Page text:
The former Marlins Pitcher talks to The Fix about heroin, jail, and how he knows if he uses one more time, he won’t be able to make it back.
At 18 years old, Jeff Allison seemed to have it all. As a pitcher, he was named the 2003 Baseball America High School Player of the Year and was drafted that June by the Florida Marlins, which included a reported $1.85 million signing bonus.
But after the death of a close friend, his recreational drug use soon morphed into a severe OxyContin addiction. As his signing bonus started to dwindle away, Allison then turned to heroin as a cheaper substitute. A pair of nearly fatal overdoses and several stints in jail soon followed. But at his lowest point, Allison found the strength to turn his life around and has now been sober for nearly 10 years.
These days, he is the pitching coordinator for the Northeast Hurricanes Baseball Organization in Salem, New Hampshire, as well as the director for their Baseball Showcase program. He also travels the country to share his story of recovery. Allison spoke exclusively with The Fix about being clinically dead after his first overdose, running from the law and why he believes this is his final shot at sobriety.
When did your drug use first begin?
Probably when I was around 13 or 14. When you’re just getting out of middle school and wanting to fit in with everyone in high school, you see they’re smoking weed or taking a sip of alcohol or whatever else. You give it a try and then you puke, but then you’re good and you try it again because you want to be cool.
Did you progress to opiate use fairly quickly?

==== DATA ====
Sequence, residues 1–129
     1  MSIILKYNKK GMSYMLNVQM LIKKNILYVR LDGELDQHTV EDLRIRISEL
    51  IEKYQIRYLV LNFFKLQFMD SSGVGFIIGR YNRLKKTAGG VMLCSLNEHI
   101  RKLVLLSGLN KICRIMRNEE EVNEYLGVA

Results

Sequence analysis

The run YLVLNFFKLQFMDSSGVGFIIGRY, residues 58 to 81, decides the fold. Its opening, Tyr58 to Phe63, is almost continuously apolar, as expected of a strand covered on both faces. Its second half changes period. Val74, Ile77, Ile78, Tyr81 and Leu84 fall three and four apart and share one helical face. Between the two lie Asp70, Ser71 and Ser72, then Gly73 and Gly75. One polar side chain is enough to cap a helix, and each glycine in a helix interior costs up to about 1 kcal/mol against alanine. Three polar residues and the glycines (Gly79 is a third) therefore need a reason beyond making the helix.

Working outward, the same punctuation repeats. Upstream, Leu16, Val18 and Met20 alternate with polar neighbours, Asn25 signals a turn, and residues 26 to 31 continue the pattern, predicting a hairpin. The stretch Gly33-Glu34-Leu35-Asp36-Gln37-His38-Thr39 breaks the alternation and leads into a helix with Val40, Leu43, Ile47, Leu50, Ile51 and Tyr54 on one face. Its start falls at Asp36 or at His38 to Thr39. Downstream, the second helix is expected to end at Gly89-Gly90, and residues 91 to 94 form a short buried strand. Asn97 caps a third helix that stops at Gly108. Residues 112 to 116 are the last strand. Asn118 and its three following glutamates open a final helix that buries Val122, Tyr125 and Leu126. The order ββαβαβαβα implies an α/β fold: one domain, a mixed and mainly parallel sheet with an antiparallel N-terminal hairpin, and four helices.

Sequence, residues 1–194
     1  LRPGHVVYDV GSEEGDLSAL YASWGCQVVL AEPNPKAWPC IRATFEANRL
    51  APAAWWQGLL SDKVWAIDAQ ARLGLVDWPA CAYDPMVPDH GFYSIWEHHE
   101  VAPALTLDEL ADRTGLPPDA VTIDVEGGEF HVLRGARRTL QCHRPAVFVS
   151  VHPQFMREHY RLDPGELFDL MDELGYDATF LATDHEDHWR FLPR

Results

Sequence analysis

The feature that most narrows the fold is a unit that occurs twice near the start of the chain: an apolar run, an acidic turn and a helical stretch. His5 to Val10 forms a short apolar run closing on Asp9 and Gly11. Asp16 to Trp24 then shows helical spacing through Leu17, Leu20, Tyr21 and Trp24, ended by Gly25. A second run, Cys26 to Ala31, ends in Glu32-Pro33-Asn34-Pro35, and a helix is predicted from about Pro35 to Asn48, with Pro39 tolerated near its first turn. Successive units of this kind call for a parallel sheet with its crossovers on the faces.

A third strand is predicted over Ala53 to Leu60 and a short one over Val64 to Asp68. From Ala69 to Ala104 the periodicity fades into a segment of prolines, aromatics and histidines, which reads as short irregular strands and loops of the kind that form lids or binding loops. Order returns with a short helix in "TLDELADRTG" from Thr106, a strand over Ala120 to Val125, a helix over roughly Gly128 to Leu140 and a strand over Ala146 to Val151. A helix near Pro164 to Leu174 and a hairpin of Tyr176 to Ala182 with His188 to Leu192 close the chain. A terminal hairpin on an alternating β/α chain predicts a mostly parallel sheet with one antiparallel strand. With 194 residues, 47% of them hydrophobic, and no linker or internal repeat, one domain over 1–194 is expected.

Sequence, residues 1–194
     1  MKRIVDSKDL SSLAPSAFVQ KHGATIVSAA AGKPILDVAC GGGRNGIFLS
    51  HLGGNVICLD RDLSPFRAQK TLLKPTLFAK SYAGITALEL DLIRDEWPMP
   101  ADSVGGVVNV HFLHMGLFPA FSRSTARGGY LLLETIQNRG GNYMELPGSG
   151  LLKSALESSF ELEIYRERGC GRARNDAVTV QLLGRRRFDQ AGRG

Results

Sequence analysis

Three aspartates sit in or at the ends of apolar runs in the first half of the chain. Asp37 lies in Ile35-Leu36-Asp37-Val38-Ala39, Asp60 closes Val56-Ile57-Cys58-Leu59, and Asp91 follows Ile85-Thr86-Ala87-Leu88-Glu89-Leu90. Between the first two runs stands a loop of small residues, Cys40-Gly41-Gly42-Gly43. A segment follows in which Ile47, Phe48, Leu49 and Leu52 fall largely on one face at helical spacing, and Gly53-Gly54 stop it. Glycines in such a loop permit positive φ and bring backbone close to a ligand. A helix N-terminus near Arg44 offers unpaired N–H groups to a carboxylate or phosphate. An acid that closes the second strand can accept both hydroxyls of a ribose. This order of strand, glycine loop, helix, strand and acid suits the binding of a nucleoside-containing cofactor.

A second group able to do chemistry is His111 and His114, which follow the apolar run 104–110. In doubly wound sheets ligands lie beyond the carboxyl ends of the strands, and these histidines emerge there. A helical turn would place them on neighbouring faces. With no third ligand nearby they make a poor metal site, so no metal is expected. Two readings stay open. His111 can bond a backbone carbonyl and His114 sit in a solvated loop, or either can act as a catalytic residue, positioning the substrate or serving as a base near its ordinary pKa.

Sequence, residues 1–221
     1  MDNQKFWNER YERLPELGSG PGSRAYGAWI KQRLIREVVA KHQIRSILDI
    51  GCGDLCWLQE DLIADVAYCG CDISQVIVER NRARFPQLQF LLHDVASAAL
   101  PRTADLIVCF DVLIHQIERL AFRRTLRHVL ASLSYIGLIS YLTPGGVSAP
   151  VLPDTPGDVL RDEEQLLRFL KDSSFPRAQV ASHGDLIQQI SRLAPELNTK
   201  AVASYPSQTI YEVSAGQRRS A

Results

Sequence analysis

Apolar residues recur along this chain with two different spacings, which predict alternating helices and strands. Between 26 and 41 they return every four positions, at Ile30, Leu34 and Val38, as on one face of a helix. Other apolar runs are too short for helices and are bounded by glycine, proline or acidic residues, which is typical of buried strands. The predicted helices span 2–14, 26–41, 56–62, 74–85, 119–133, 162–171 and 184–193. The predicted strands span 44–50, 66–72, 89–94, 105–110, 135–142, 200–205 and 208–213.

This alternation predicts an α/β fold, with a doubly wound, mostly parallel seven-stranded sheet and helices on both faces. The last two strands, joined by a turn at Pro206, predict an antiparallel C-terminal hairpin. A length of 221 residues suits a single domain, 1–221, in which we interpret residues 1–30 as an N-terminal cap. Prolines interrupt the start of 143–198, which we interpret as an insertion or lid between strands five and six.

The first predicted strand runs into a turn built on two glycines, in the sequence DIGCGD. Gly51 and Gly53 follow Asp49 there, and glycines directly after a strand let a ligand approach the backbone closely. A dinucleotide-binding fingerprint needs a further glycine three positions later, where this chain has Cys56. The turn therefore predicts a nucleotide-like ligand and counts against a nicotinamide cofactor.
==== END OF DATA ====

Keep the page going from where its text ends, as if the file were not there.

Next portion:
Probably about two-and-a-half or three years in. I was first introduced to Percocet by a girl I knew when I was 16. That was me just wanting to fit in and latching onto something. When I took them for the first time, it was a euphoric feeling for me. I talked a lot more, could stay up longer. There were a million things I thought that they allowed me to do better even though I was a Division I college and Major League Baseball prospect.
I didn’t really know what addiction was at that time, though. I knew you could get addicted to things, but didn’t think I could personally. But between my high school graduation and my first full year of spring training, I had already been to rehab three times and went to two detox centers, as well as a transitional house.
When I was 18, I played when I signed (with the Gulf Coast Marlins). I threw my 10 or 11 innings at the end of the season, went home and that’s when my drug use really started to progress.
What made it progress?
A good friend of mine who was on the Gulf Coast Marlins passed away. He was 19 at the time. He went back home to Arizona, went to a party and someone put what ended up being a methadone pill in his drink while he was in the bathroom. He passed away that night, which sent me on a whirlwind of using. That was the jumping off point for me. I knew I had money and the ability to get OxyContin or pills or whatever else, so having a reason to use was a deadly game.
Did your team or the Marlins staff ever express concern about your drug use?
When I was 19, I went to my first full year of spring training and failed my drug test about two weeks in, so that was when the Marlins expressed concern. They sent me off to rehab for a few months and said they said they wanted me back when I was clean for six months. You can’t just tell a drug addict or alcoholic to come back in six months when they’re ready. Just because they pay you a lot of money in Major League Baseball doesn’t mean it’s going to change your life. It doesn’t work that way. At that time, I wasn’t ready to change my life for the better.
But I went off to Sierra Tucson in Arizona, which is a 30-day program, and thought that maybe I could just get away for a while. It really got my life together. I flew out to Chicago eight or nine months after the Marlins sent me away, met with the team doctors out there and they cleared me to be with the team. Read more “the fix”…